We’re approaching the end of this programme. And this is probably a good place to say thanks to some important people. I’d like to thank my parents for having supported me a hundred percent throughout this wacky journey. I’d like to thank all of my colleagues from whom I have learnt so much, and my wife for all that she has done. And our little boy, for being such a wonderful little being. Well, if one thinks about it, one would like to extend this thanks to hundreds of earlier generations, and hundreds of millions of women and men, whose hard work, courage, self-sacrifice, and creative ways of solving problems have built our modern civilization, whose prosperity and freedom is without equal. We have come a long way, and perhaps we only need to carry the baton a little bit further, until we can hand it over to artificial intelligence, or an upgraded version of humanity. We really need all the help we can get. I’ll end this programme by subjecting you to another poem. This one takes us back to a time when I was a student in Stockholm. It was one winter, during a cold night. I had been at Fysikum [The department of Physics at Stockholm university], analysing research results until late. And I took the underground train home to my student accommodation in Solna. I remember walking from the station through a grove. It was snowing. It was so quiet. The snow suppressed all sounds, and big snowflakes were falling down calmly and peacefully from the night sky. And once again, I was pierced, and I stood there in the night, and just took in the beauty and the grandeur of it. And when, at last, I continued, as in a trance, I wrote this: Stilla faller snön på gatorna och torgen och på den frusna sjön, på glädjen och på sorgen. (ENG: Silently, the snow is falling on the streets and the squares and on the frozen lack, on happiness and sorrow) Singlar sakta ner på svalnade förälskelser. Lägger sig på de eldiga lockar, ja till slut på det flammande hjärtat, de vita flockar. (ENG: Floating slowly down on cooled infatuations, Lays (itself) down on the burning locks, yes at last on the flaming heart, the white flocks. ) Och varje fotspår suddas ut och alla ojämnheter täckas över. Vi hör vid våra dagars slut hur dödens vaggsång barnet söver. (ENG: And every footprint is erased, and all irregularities be covered. We hear, at the end of our days, how the lullaby of death puts the child to sleep. ) Men vak en stund och se flingorna falla som människosjälar ur kosmos det kalla. Det snöar på järnek, lav, och en, Snart snöar det även på din gravsten. (ENG: But wake up for a while, and see the flakes fall like human souls from cosmos, the cold. It is snowing on hollow, lichen, juniper. Soon it is snowing on your gravestone too. ) My name is Nick Bostrom. Thank you for listening.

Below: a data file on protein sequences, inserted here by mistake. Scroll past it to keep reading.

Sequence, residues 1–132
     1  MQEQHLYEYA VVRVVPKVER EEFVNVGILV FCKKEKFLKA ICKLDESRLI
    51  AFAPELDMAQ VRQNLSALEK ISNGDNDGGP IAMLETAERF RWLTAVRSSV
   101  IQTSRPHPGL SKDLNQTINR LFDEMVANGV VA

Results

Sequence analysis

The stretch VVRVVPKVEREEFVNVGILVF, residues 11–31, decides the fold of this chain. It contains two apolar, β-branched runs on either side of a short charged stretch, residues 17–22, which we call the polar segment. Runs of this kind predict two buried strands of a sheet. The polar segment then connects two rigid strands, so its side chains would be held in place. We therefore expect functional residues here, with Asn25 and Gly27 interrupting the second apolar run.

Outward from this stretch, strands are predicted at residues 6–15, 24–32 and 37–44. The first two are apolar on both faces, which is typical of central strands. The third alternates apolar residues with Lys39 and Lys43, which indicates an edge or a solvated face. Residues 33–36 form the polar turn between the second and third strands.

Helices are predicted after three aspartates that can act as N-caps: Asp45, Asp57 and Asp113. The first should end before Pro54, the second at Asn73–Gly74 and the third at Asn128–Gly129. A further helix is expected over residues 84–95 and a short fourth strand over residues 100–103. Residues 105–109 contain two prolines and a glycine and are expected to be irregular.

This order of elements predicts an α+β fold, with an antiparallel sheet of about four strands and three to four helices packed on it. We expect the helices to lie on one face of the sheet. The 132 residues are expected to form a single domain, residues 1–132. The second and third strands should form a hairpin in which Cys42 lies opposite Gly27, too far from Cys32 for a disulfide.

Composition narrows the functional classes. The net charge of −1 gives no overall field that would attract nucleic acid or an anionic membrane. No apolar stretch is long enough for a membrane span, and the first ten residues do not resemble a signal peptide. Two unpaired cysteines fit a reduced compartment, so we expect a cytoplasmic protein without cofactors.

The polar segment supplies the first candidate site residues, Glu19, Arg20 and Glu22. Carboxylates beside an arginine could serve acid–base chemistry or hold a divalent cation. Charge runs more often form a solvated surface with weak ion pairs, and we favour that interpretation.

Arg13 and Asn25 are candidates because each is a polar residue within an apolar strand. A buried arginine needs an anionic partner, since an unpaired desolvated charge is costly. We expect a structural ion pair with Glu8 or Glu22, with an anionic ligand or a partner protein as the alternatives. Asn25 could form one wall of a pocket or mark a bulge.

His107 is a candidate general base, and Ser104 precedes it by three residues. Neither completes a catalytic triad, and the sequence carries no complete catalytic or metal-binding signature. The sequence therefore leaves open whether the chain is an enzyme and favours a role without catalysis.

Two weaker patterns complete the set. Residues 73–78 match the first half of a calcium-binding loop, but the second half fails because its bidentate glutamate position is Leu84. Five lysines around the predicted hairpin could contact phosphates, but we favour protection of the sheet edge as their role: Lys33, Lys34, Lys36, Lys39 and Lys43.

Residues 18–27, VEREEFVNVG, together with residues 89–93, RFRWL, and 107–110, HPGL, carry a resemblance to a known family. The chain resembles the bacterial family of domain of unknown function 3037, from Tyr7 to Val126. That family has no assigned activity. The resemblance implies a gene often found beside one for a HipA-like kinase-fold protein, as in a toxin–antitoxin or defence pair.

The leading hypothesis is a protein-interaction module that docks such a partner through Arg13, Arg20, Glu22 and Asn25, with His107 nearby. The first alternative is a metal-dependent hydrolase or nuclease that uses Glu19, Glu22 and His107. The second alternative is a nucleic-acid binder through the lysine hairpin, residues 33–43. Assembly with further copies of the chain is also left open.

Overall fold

The dangers of high salaries within EA organisations

I agree it's reasonable to ask where (if anywhere) EA is paying too much, and that UK EA has been offering high salaries to junior ops talent. But even then, there are some good reasons for it, so it's not obvious to me that this is excessive.

One hypothesis would be that some EA orgs are in-general overpaying junior staff, relative to executive staff, due to being "nice". But that, really, is pure speculation.